The Churches' Bans on Consanguineous Marriages, Kin-Networks and Democracy
98 Pages Posted: 16 Dec 2016 Last revised: 24 May 2018
Date Written: June 12, 2017
Political institutions, widely viewed as a critical determinant for economic prosperity, vary considerably across societies. This paper tests the hypothesis that extended kin-networks, as characterized by a high level of cousin-marriage, have a detrimental impact on democracy. Consistent with this hypothesis, countries with high cousin-marriage rates are more likely to be autocratic. Two complementary instrumental variable approaches strengthen this finding. In the early medieval ages the Church started to prohibit kin-marriages. Using the variation in the duration and extent of the Eastern and Western Churches’ kin-marriage bans as instrumental variables reveals highly significant point estimates of cousin-marriage on democracy. The second instrument, cousin-terms, strengthens this finding: the estimates are very similar and do not rest on the European experience alone. Exploiting within-country variation in marriage practices and cultural backgrounds of children of immigrants sheds light on the underlying mechanism: kin marriages are negatively associated with political participation and institutional quality. These findings point to the importance of kin-networks for the emergence of inclusive political institutions like democracy.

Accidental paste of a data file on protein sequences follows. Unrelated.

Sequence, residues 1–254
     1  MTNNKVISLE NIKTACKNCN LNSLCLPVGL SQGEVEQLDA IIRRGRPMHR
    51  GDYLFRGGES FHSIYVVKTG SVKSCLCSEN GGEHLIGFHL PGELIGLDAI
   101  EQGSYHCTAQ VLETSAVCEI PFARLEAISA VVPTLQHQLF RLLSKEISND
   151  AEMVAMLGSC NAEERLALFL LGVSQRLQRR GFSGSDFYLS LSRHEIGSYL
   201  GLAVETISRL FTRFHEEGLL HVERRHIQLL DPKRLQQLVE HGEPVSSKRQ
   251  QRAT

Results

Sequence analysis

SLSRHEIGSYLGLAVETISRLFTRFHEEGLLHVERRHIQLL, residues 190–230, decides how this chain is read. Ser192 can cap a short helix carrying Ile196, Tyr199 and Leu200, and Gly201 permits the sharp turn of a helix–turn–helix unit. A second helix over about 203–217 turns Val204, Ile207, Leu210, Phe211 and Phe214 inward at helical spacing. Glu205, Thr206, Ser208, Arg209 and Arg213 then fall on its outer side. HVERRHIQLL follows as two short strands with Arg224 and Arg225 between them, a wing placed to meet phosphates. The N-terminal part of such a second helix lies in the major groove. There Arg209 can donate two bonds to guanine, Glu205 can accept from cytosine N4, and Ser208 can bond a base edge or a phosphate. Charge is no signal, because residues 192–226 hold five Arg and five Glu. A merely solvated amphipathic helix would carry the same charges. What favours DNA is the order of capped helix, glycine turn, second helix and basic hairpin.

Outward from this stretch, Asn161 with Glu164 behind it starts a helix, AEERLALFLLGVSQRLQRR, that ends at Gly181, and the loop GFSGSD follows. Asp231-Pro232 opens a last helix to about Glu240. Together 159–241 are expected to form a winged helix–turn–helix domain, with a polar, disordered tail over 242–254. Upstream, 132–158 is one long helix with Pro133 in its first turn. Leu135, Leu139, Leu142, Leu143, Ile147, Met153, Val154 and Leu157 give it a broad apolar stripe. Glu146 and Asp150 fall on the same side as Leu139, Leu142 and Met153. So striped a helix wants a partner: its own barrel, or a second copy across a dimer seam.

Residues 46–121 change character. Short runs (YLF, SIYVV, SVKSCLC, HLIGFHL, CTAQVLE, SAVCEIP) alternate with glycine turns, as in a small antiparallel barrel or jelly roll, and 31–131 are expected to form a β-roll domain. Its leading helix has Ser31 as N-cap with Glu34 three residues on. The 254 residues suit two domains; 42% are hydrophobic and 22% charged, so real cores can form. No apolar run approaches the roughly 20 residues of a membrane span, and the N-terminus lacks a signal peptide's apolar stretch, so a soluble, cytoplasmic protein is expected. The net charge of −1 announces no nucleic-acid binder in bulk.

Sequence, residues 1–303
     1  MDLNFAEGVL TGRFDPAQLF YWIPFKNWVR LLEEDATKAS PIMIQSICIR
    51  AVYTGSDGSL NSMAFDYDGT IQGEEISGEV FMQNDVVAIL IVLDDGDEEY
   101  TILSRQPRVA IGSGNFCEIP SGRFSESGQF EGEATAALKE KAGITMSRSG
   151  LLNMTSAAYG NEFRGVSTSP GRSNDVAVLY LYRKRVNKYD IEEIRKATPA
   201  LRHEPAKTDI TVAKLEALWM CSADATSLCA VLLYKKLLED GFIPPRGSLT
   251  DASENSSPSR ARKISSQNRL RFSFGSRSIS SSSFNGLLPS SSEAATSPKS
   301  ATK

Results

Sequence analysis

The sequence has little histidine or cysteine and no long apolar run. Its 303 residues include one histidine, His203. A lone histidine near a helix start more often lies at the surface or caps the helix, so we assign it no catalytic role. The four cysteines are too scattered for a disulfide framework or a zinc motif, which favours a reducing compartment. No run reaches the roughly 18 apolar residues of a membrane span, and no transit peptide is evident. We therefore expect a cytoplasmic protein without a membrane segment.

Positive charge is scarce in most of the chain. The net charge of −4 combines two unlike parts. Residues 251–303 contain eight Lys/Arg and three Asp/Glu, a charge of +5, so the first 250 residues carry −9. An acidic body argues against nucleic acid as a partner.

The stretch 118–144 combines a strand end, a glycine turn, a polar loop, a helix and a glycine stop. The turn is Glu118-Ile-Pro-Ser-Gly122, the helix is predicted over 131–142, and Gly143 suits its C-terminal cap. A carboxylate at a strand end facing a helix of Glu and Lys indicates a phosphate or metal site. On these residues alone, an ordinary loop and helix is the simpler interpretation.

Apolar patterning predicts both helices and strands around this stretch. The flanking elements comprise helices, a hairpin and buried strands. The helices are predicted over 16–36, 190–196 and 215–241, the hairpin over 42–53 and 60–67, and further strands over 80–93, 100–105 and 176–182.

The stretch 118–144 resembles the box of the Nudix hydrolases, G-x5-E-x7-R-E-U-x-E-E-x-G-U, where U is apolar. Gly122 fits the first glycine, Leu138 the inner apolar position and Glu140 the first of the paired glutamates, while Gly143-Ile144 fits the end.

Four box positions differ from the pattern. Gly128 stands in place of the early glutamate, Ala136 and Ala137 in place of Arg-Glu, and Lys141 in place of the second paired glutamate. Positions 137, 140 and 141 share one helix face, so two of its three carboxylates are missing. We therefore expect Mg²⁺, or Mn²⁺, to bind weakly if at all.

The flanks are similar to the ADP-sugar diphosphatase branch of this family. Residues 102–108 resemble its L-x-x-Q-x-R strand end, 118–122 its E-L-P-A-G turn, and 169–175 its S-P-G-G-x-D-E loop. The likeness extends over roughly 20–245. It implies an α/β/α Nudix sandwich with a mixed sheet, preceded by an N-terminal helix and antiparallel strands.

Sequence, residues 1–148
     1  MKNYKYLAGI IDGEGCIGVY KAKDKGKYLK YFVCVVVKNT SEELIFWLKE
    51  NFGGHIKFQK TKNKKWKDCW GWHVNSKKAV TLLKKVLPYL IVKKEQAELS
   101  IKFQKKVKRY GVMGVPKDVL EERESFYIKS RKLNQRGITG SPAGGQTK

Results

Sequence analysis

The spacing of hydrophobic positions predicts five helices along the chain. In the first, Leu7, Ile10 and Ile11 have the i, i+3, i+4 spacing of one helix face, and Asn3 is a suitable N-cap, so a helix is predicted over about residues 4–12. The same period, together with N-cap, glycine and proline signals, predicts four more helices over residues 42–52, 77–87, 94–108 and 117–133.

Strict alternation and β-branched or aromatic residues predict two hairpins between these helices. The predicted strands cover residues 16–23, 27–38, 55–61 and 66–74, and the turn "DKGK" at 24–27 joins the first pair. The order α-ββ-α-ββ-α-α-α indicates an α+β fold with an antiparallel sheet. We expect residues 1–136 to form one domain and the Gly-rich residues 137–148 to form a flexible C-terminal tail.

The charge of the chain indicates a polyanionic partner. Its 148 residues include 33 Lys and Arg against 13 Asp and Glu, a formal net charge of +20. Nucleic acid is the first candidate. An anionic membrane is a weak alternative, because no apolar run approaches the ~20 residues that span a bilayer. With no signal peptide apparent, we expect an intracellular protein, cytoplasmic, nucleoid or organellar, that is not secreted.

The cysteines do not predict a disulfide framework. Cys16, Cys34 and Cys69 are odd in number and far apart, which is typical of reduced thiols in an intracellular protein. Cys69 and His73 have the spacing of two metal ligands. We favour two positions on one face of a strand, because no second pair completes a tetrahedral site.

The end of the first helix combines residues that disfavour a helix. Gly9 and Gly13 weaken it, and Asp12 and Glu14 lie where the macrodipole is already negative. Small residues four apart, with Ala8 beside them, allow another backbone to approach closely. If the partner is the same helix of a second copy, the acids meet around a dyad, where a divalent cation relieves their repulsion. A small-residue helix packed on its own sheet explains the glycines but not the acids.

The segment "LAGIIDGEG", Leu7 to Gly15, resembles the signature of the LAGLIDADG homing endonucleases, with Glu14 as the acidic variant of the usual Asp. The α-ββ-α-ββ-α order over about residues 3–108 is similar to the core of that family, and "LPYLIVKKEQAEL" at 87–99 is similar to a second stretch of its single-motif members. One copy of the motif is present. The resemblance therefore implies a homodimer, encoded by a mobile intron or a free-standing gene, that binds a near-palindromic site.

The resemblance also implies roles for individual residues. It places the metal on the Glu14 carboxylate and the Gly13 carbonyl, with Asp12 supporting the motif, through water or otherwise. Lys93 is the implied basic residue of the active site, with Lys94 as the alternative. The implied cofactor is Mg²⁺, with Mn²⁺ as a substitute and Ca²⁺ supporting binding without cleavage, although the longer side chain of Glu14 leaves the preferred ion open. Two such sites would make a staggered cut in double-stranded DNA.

Keywords: Democracy, Family, Kin-groups, Church, Cousin-Marriage, Institutions
JEL Classification: O10, N20, N30, Z10
Suggested Citation: Suggested Citation